The Institute of Materials, Minerals and Mining (IOM3) launched their new app this week at a sparkling Covent Garden reception.
It’s the first app launch party I have attended, but the star of the show deserved the celebration and attention it received.
In function, the Materials World app is not revolutionary. It delivers the Institute’s rather beautiful magazine into a magazine reader app. Nothing pops out, leaps in from the side, spins or dances. What’s so special about that?
Well, it is not a page-turner. The replica edition is there, cunningly hidden in the wings for anyone who wants to double-tap an article to see the original print view. The luddites can just read the whole thing like a page-turner if they wish – and what is wrong with that if they prefer it?
But the default offering is all of the articles from the issue, and adverts, reproduced in carefully-styled HTML. And that is the star of the show. Here’s why.
In the old days web browsers were pretty limited in what they could display and web sites looked rather ordinary as a result. Nowadays, browsers can make a much better job of displaying content, often by referencing java script and cascading style sheets (CSS) in the background.
Good tablets and mobile phones run modern browsers and have powerful processors, so apps running on them can process more advanced CSS styling. A carefully-designed print page that looks (see below) can also look beautiful in HTML. Some of the clever stuff includes dynamic columnisation of content, and interpreting Materials World’s trademark chevrons.
To a print designer, it may be difficult to see what the big deal is. Many InDesign plugins exist that can help reformat print pages to fit tablets, don’t they? It is true, there are many apps that think like print and lock the app into portrait view on iPad only. You can then apply print visuals like drop caps and have pictures that slide into pre-allocated boxes and other effects that usually fall under the term ‘interactivity’.
But what isn’t ‘interactive’ is the content itself. Unless you have also built a landscape view you can’t interact with it on its side. Often, this content doesn’t translate to iPhone, and you most certainly don’t get the chance to interact with it on any of the 18,000 types of Android device out there.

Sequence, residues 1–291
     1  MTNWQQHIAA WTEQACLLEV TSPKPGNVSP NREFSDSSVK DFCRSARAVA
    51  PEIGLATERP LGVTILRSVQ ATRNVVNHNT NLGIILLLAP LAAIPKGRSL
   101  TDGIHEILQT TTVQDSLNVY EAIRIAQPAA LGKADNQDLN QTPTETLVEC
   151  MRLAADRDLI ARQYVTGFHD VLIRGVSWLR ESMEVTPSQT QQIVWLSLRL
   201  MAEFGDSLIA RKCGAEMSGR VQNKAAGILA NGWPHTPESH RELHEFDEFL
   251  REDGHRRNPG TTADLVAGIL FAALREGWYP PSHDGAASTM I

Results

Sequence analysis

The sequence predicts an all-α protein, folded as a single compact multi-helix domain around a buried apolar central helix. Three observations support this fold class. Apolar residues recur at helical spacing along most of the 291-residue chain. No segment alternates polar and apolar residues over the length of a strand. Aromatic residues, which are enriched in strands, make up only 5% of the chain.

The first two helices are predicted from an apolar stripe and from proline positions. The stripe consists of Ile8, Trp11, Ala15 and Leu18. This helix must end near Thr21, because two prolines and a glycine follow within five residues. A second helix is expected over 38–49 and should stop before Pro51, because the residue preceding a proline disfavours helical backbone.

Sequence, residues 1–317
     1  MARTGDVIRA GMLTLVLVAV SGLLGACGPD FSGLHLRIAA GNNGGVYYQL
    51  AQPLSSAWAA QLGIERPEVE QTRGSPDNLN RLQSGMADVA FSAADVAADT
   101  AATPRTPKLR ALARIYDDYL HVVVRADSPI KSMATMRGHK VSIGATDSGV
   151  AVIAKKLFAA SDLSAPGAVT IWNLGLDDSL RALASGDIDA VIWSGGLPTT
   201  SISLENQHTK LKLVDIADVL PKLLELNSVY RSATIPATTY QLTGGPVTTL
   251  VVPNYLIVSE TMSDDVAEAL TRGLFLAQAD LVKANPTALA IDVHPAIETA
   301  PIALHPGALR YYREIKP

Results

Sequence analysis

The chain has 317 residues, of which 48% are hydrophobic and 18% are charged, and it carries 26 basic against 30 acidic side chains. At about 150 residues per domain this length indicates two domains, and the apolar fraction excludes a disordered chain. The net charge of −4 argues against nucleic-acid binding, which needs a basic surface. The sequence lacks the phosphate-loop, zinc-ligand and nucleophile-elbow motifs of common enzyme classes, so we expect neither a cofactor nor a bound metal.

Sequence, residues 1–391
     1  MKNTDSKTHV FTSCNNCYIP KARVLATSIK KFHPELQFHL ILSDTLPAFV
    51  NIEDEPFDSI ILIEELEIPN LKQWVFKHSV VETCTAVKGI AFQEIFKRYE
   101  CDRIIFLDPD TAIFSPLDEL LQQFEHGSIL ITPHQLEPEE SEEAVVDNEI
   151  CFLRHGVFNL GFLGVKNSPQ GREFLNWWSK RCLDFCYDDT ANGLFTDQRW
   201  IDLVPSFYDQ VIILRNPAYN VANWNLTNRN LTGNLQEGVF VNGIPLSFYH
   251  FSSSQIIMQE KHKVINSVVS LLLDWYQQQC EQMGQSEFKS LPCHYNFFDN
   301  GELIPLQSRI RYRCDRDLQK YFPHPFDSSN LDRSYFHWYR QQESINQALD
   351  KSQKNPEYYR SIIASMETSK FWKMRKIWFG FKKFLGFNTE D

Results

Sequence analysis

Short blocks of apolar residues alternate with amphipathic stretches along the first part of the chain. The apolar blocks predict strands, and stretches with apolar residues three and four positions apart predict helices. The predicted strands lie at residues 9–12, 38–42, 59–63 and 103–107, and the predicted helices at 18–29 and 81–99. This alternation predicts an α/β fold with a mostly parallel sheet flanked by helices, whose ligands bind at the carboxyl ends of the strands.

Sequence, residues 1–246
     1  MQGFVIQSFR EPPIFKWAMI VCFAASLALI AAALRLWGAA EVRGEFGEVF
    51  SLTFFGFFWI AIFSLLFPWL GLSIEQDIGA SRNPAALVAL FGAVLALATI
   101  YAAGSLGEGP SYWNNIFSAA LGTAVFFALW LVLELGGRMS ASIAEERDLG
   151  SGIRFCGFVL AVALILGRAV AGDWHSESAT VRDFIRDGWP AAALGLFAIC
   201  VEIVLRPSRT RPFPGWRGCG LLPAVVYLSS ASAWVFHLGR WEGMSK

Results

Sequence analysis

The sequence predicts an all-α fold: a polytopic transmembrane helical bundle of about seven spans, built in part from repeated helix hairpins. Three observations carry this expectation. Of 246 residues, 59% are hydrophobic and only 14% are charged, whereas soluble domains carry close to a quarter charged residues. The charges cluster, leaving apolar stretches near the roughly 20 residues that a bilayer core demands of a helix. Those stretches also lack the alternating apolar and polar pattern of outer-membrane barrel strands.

To be truly inclusive you have to deliver a reading experience on whatever device your reader has in their hand at the moment. Your content has to be liquid and flow in all orientations across screens of all shapes and sizes. Then you have to retrieve as much beautiful styling from the options you have left.
This means a lot of trial and error with style sheets and the various queries that are applied to make them mobile responsive. The Materials World app has moved responsive styling to a new level for Page Lizard. Fixed columns, scrolling columns, background images, indented images and quotes all make for a rich and responsive reading experience.
Consumer publishers can choose to deliver their digital editions to a limited range of devices which their target audience are using. Membership organisations do not have that luxury – they have to serve their members. If we look at IOM3’s key criteria we can see what led them their decision to be inclusive publishers:
“We considered starting small with a PDF page turner to test the water, with a view to investing in a more sophisticated version depending on success,” says magazine group editor Melanie Rutherford. “However, on learning that mobile platforms are the preferred method of media consumption by a large margin (and not wanting to turn off a tech-savvy audience), we quickly realised that a mobile-optimised app would be key in order to capture our target market.”
Download the Materials World app here:
Android users: http://bit.ly/androidmw
iPhone/iPad users: http://bit.ly/applemw